Surgical Staging in Endometrial Cancer
January 01, 2006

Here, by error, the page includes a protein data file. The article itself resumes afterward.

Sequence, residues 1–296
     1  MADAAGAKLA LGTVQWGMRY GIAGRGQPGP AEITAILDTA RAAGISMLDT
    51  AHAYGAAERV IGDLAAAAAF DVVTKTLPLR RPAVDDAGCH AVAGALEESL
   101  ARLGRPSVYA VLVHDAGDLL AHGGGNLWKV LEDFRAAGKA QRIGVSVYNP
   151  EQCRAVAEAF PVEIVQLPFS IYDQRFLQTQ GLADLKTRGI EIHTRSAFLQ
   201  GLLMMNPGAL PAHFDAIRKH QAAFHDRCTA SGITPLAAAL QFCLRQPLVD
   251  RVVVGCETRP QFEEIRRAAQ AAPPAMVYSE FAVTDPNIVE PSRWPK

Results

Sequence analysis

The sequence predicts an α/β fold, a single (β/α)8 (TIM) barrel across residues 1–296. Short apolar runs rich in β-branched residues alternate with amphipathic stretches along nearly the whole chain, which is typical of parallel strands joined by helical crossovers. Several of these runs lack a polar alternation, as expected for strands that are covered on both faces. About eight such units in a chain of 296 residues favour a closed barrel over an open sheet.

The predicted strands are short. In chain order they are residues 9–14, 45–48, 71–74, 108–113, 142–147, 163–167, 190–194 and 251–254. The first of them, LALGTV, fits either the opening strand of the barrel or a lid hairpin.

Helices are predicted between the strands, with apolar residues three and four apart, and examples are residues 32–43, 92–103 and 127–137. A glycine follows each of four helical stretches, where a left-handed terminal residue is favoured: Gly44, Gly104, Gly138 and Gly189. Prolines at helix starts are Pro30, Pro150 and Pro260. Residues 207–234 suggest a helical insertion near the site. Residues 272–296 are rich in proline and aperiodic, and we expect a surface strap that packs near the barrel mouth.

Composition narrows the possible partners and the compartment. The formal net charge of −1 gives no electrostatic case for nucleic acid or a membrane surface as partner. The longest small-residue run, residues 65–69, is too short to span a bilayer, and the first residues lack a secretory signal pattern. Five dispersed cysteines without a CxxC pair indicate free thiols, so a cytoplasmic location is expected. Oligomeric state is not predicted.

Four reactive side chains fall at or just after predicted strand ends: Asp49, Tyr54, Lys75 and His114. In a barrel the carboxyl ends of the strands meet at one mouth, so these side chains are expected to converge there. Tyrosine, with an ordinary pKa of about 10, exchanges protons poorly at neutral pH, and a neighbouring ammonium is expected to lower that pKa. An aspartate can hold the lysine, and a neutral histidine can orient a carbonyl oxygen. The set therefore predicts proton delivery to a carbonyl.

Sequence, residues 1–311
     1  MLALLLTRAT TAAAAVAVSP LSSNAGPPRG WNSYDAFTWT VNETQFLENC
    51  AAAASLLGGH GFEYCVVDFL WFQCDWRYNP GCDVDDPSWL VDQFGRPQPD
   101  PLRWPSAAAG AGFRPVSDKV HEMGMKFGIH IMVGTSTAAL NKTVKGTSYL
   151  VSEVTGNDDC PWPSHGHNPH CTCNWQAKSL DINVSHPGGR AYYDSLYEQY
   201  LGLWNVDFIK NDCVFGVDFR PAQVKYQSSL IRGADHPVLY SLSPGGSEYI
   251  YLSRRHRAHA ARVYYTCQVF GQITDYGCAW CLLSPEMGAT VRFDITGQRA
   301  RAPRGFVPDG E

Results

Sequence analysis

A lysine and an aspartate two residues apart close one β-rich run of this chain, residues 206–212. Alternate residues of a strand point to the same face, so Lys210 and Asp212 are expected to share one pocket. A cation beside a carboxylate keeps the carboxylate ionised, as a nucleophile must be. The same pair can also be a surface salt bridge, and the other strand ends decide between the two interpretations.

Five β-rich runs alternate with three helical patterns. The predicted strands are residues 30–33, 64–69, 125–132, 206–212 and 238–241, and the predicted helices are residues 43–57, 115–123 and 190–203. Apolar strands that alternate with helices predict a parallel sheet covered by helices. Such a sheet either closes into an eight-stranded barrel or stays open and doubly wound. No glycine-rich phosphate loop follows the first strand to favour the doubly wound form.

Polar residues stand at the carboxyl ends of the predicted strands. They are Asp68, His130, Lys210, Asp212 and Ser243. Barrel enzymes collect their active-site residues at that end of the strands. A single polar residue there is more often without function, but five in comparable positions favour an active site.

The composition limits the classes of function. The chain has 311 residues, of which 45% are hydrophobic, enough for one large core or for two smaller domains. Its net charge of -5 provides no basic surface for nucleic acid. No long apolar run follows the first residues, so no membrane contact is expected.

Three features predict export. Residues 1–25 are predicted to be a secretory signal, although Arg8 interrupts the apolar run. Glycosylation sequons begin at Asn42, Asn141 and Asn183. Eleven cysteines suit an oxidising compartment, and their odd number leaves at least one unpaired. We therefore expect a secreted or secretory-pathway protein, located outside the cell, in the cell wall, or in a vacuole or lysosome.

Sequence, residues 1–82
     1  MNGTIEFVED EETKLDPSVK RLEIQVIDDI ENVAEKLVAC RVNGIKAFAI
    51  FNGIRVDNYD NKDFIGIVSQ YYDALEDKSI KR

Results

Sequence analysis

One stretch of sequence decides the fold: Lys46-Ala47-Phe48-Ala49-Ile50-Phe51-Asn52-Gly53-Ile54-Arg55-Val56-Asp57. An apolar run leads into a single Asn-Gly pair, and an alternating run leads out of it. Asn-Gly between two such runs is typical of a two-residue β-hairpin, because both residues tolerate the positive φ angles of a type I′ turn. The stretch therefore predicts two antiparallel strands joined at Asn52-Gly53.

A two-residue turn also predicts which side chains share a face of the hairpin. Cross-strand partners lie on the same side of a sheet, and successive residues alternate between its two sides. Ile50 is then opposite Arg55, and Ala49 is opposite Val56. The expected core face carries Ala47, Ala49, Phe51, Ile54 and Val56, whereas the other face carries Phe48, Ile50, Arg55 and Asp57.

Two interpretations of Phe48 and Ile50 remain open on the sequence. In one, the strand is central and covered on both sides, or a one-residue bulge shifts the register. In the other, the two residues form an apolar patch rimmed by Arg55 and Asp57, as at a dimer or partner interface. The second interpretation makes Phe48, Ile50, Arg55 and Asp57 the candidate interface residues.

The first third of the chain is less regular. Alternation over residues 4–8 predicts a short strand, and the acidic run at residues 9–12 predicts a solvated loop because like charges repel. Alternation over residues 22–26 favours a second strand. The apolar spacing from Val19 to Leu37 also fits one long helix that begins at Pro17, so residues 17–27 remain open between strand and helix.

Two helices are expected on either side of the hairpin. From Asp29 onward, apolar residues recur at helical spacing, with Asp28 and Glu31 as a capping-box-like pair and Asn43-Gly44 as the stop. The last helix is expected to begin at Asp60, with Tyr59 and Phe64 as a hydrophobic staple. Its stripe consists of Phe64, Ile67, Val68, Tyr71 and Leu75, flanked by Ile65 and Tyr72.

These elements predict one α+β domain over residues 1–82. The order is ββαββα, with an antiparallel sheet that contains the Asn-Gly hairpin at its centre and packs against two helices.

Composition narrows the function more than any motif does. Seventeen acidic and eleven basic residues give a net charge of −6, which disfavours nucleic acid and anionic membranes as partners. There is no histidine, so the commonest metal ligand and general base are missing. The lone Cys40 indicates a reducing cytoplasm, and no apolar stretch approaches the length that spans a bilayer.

Early presentation of endometrial cancer permits effective managementwith excellent clinical outcome. The addition of hysteroscopy todilatation and curettage (D&C) in the evaluation of postmenopausalbleeding adds little to the detection of malignancy. Imaging studies suchas computed tomography, magnetic resonance imaging, and positronemissiontomography may be of use in determining the presence ofextrauterine disease in patients medically unfit for surgical staging.However, these studies are not sufficiently sensitive to replace surgicalstaging and have little role in routine preoperative evaluation. Clinicalstaging alone is clearly inadequate, as 23% of preoperative clinicalstage I/II patients are upstaged with comprehensive surgical staging.Preoperative tumor grade from D&C or office biopsy may be inaccurateand lead to an underestimate of tumor progression if used to determinewhich patients should be surgically staged. Clinical estimationof depth of invasion, with or without frozen section, is inaccurate andmay lead to underestimation of disease status when surgical staging isnot performed. The practice of resecting only clinically suspicious nodesshould be discouraged as it is no substitute for comprehensive surgicalstaging. Comprehensive surgical staging provides proper guidance forpostoperative adjuvant therapy, avoiding needless radiation in 85% ofclinical stage I/II patients. Finally, resection of occult metastasis withsurgical staging may improve survival.